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Zoo tries again to artificially inseminate elephant Chai

The Woodland Park Zoo yesterday performed an artificial insemination procedure on Chai, the zoo’s 32-year-old Asian elephant. The zoo says the semen used for the procedure was from a 13-year-old bull at Albuquerque Biological Park Zoo. It will be about 15-16 weeks before the zoo can confirm if Chai becomes pregnant from the procedure. The gestation period for elephants is 22 months.

Photo by Dennis Dow, Woodland Park Zoo.
From the zoo’s press release:

Chai has been inseminated with this proven technique during nine ovulation cycles since 2005 but only one has resulted in a pregnancy. The pregnancy, in 2008, unfortunately ended in an early miscarriage, which is not uncommon in mammals, especially during the first trimester.
“Artificially inseminating an elephant is a technique that enhances animal welfare,” said Dr. Nancy Hawkes, the zoo’s general curator and resident expert in elephant reproduction. It’s enriching for the herd to include calves and this technique allows us to help females get pregnant without needing to transport them to another institution that houses bulls, spending months away from their home and social group.
“The new technology was developed less than 20 years ago by scientists at Leibniz Institute for Zoo and Wildlife Research of Berlin,” explained Hawkes. “Because female elephants have a very complex reproductive system, we combine endoscope-guided technology with precise hormonal and ultrasound data to pinpoint ovulation and time the procedures accordingly.” More than 20 elephant calves have been born over the last 10 years through artificial insemination.
“A baby would help us begin to re-build a multigenerational social group here at the zoo,” said Hawkes. Chai was the mother of Hansa, a female elephant who was born at the zoo in 2000 and died unexpectedly at 6½ years old from a newly discovered elephant herpesvirus.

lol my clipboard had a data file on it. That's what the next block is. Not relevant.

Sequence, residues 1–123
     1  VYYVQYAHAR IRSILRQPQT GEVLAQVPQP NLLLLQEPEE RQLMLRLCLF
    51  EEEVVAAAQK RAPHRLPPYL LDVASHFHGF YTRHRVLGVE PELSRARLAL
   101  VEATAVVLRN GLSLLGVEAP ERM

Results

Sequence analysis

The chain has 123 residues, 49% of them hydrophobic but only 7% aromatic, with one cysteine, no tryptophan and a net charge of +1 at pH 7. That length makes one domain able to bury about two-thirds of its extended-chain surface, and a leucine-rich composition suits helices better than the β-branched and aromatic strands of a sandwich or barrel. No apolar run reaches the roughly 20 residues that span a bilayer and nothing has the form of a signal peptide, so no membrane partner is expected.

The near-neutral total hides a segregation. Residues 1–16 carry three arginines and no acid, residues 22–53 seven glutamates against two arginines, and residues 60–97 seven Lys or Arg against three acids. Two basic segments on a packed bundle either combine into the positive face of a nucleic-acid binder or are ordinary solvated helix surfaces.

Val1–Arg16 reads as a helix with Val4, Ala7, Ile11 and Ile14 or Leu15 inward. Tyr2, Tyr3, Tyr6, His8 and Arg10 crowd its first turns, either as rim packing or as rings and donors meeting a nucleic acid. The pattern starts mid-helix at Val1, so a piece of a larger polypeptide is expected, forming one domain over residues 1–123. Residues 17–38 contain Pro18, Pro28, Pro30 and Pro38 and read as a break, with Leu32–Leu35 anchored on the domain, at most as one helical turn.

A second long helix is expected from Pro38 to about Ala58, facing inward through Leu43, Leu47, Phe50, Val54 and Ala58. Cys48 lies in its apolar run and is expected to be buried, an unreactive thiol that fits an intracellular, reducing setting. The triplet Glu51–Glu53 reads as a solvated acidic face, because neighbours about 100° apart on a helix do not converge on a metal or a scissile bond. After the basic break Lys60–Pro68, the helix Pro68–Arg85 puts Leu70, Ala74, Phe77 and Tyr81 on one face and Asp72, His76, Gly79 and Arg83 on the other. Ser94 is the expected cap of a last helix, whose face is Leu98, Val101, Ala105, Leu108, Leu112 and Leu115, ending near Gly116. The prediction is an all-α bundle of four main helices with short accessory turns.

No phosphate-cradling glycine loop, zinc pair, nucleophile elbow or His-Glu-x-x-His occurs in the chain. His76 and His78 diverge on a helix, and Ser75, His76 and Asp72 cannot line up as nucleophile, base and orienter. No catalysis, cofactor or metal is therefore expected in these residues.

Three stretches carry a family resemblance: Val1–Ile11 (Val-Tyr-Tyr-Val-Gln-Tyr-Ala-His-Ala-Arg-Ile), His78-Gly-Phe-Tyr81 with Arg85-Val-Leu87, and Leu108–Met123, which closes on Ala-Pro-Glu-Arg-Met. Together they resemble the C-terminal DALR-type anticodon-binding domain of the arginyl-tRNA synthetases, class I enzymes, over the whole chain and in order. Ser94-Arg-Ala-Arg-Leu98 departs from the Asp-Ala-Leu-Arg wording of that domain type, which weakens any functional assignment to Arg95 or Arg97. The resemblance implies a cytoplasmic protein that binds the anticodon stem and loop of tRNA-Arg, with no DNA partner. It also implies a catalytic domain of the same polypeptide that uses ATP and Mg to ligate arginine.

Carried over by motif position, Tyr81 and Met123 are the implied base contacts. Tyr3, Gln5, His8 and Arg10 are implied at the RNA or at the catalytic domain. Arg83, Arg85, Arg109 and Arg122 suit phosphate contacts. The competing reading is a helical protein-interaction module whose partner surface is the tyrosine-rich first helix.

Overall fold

As elephants in the wild continue to face extreme pressure from conflicts with humans, elephants in zoos are effective conservation ambassadors for their cousins in the wild. “As the pressures of habitat loss and human-elephant conflicts continue to escalate at an alarming rate, the role of zoos is more critical now than ever before,” said Marc Ancrenaz, director of the Hutan Asian Elephant Conservation project. “In zoos accredited by the Association of Zoos & Aquariums, elephants play an important role as conservation emissaries. Seeing, hearing, and experiencing these striking animals up close can help zoo-goers make an emotional connection and be inspired to take action to protect elephants in the wild.”

The group called Friends of Woodland Park Zoo Elephants today issued its own press release, stating that the risk of passing along the herpesvirus again was too great.
From Friends of Woodland Park Zoo Elephants’ press release:

WPZ is a herpes-infected environment. WPZ’s records for Watoto dated May 5, 2008 state Watoto tested “positive for EEHV3a virus in her blood.”
Dr. Jennifer Conrad, DVM, an expert elephant veterinarian said: “Woodland Park Zoo is a herpes exposed facility and therefore the zoo should no longer engage in an Asian elephant breeding program. The simple truth is the risk of death for the offspring is too great.”
There is no cure for EEHV and WPZ has no infection control in place. Chai could pass the herpesvirus to her own fetus.
Elephant herpesvirus attacks the internal organs causing massive hemorrhaging and a painful, gruesome death. “To even take a chance of causing another defenseless calf such a horrific death is unconscionable and unethical” says Nancy Pennington, co-founder of Friends of Woodland Park Zoo Elephants. Herpesvirus is not a threat to wild elephants.